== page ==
There is a remarkable feeling that you are truly at the end of the world in Patagonia. On one lonely long stretch of gravely road, our bus traveled nearly sixty miles with not another vehicle in sight. We came to a dry gully that was so deep, our bus could not drive through. Fourteen of us got off the bus and gathered large rocks and small boulders to make a bridge so the bus could pass. It was an afternoon without a cloud in the sky, warm temperatures, the mighty blue Largo Azul to our right, and the mighty snow covered Andes to our left. With our happy crew (and a very resourceful and successful one, I should add) we continued our journey to a ranch where lamb was roasting over an open fire for our lunch.

In Patagonia, a place that is so unspoiled, even the wildlife don’t fear humans, they seem not to see us as a threat. The striking and unusual scenery (the glaciers, the penguin islands, the jagged mountains and towers, the mountain lakes, and ancient forests) are images that will stay with us all our lives. One cannot fail to be impressed by the massiveness of the landscape and just when you think you’ve seen something that stuns you, around the corner, over a mountain, or beyond a lake there is a sight that will astound you even more. One day, after a nearly one hour ascent to our lunch spot, we sat on a rock ledge, our feet dangling over the side, staring thousands of feet down to the bluest lake imaginable with the rocky, massive, snow-covered Andes Mountains as a backdrop. Ten of us ate in silence, overwhelmed by the grandeur of something so incredible, words were not necessary.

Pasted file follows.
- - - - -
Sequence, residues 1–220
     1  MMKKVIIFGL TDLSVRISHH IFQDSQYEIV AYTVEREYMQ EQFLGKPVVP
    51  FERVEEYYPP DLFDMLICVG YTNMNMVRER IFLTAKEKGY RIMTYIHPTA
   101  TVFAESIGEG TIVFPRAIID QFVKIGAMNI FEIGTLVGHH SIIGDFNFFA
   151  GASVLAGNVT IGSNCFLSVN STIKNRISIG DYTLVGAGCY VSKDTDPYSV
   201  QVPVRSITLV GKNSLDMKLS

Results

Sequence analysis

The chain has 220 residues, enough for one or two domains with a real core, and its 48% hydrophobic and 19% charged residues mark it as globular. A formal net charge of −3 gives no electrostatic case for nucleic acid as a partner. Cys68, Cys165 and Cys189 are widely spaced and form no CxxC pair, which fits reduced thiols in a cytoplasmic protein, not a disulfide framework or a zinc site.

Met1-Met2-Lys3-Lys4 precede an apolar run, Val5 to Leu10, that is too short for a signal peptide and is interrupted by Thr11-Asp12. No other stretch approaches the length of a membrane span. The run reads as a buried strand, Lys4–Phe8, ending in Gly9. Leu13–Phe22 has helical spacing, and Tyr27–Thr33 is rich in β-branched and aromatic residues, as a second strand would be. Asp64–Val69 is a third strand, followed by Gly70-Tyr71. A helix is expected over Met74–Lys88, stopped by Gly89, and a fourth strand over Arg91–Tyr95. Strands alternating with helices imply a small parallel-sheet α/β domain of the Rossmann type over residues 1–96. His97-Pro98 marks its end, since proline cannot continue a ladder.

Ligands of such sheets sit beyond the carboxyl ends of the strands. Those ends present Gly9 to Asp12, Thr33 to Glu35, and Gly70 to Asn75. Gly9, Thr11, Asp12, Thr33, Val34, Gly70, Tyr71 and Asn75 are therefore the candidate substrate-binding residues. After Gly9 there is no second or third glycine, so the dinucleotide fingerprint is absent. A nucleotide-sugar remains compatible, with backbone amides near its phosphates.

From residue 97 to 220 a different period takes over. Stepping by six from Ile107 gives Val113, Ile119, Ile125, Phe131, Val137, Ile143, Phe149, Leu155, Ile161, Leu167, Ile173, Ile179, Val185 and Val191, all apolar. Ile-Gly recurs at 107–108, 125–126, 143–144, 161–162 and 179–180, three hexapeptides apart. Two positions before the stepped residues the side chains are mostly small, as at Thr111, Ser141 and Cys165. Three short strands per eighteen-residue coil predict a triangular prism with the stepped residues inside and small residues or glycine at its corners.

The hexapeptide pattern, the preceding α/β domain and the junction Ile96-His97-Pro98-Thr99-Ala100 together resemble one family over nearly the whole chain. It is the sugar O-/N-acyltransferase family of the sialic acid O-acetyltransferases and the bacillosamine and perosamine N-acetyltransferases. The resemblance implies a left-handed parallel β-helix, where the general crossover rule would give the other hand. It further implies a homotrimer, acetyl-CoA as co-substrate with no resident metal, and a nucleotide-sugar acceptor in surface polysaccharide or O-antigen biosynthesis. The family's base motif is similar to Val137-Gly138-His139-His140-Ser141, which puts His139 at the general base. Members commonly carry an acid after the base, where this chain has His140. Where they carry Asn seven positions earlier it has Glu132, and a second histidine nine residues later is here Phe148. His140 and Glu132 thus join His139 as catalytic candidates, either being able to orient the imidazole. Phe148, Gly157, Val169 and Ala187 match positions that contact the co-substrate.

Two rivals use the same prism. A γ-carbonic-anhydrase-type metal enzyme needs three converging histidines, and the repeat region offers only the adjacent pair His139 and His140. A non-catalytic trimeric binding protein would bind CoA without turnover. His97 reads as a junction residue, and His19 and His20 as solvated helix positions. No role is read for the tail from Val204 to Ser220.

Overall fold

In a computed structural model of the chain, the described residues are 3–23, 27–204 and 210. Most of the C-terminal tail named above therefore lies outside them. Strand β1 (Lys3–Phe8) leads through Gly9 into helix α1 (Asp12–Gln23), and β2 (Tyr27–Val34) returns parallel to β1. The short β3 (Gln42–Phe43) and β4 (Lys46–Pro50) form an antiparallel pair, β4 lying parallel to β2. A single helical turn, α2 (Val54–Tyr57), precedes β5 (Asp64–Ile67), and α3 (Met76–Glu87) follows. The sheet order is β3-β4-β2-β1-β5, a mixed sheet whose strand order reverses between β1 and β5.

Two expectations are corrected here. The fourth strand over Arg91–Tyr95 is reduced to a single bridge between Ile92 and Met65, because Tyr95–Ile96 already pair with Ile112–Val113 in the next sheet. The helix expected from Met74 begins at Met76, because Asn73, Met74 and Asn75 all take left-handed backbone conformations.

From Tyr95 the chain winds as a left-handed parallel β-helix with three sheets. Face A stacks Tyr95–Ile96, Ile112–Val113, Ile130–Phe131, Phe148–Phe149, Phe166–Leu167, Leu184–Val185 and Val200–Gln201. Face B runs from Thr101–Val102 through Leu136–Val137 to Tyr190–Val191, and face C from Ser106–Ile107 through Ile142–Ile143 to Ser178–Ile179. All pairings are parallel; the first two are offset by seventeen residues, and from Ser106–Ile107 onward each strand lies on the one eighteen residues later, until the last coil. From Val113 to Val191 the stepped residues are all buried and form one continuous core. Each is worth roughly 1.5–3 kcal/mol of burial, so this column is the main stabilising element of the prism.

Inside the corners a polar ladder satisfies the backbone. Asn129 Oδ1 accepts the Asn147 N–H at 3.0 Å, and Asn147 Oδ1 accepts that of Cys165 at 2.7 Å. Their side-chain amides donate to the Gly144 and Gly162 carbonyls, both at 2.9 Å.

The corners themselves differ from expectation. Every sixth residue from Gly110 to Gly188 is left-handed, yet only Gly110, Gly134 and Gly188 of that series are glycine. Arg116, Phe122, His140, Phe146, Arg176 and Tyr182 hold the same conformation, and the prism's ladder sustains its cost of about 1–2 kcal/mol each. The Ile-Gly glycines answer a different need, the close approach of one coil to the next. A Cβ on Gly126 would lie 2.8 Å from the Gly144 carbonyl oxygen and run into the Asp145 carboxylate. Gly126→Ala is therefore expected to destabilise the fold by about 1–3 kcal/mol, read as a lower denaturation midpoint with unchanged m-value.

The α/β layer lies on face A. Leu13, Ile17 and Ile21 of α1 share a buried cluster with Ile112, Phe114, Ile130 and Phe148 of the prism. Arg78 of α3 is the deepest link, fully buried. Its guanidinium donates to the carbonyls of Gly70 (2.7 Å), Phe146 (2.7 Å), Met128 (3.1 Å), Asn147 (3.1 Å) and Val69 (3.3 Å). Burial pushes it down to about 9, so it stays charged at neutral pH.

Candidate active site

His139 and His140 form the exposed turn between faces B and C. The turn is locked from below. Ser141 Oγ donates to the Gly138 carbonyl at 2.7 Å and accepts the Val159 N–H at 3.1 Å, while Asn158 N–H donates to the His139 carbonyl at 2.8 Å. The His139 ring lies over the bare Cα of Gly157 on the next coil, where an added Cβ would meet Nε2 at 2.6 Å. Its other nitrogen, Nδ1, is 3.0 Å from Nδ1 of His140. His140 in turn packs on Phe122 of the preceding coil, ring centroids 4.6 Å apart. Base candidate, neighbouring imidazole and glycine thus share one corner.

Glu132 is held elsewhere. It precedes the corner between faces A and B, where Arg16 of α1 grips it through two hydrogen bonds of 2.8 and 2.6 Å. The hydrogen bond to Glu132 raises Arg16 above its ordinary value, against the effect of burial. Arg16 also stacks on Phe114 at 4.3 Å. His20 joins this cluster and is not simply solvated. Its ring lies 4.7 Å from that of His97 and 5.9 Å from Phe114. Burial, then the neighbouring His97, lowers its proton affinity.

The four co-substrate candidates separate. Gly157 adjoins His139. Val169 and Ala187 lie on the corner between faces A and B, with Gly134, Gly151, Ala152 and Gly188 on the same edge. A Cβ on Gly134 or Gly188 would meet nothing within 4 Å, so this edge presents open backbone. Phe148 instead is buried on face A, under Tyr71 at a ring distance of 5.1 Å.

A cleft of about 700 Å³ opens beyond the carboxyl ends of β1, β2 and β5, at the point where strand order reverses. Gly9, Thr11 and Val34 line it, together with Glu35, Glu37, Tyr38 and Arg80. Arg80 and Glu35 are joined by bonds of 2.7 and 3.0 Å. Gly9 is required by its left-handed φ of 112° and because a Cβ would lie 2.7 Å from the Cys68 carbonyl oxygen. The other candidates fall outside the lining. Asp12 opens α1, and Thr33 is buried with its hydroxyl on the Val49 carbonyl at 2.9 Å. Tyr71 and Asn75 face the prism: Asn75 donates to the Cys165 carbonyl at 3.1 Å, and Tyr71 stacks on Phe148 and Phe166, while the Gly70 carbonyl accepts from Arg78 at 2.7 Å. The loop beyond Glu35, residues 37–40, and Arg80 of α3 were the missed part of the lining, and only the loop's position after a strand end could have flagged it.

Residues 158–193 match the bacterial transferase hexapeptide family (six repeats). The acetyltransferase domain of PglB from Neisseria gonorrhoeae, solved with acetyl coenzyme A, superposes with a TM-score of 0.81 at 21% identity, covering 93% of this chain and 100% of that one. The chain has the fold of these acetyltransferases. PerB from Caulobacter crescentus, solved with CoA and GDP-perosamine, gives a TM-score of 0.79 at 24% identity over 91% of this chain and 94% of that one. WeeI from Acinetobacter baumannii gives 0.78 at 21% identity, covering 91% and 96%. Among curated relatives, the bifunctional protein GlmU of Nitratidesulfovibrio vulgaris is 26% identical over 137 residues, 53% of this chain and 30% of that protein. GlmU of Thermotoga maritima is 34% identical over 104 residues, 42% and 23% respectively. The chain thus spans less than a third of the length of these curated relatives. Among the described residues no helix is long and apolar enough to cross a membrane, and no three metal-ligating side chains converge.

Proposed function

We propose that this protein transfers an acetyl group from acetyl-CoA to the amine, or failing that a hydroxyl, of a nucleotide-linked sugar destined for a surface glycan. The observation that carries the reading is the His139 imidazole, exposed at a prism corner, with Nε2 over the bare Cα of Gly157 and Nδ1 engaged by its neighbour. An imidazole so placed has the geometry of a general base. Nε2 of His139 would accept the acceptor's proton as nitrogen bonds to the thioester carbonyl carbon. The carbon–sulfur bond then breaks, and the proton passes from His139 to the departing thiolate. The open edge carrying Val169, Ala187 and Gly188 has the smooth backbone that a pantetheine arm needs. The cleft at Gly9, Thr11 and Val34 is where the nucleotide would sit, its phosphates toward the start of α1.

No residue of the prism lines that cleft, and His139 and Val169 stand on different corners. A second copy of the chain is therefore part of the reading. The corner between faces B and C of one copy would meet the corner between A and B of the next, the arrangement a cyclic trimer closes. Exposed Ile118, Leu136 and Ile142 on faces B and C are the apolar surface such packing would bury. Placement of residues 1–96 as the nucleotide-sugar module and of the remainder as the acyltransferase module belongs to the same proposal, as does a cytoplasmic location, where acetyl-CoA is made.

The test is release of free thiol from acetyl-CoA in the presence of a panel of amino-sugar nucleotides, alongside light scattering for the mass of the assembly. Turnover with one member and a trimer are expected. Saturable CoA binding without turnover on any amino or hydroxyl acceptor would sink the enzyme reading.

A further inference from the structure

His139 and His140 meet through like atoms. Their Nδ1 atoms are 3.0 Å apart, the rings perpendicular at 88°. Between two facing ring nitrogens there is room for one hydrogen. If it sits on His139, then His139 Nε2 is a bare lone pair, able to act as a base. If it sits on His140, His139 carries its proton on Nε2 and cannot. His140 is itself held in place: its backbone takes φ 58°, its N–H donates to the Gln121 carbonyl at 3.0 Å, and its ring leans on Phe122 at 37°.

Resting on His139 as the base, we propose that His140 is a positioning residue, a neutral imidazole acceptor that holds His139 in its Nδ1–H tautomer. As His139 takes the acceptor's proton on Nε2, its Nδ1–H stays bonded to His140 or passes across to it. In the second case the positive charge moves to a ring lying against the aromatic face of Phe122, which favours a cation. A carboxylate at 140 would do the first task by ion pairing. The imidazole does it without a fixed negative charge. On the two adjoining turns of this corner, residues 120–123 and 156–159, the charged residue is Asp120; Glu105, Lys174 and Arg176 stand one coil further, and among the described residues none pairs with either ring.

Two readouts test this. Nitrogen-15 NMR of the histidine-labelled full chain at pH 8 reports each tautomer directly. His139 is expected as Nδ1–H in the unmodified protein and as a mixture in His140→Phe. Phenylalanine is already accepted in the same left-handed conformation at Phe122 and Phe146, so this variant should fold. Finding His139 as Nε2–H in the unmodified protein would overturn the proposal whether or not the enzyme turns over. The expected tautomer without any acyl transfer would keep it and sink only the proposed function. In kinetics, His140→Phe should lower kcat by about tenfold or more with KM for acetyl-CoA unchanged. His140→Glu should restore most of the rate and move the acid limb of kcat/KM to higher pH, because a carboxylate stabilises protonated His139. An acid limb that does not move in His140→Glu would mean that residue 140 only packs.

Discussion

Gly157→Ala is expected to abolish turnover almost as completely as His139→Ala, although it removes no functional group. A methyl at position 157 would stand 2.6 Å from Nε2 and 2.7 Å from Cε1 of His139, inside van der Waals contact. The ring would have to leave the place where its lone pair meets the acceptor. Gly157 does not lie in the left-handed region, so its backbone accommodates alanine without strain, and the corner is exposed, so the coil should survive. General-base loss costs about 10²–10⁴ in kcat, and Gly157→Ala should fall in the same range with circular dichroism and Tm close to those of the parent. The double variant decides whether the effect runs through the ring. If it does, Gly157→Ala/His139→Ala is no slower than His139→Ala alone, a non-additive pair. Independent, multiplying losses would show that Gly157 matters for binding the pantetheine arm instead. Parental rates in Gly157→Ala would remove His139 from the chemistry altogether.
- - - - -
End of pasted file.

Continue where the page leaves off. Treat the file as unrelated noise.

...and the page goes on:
-Photos and text by 5-time WT adventurers Bruce & Ivy Weiss, In Patagonia

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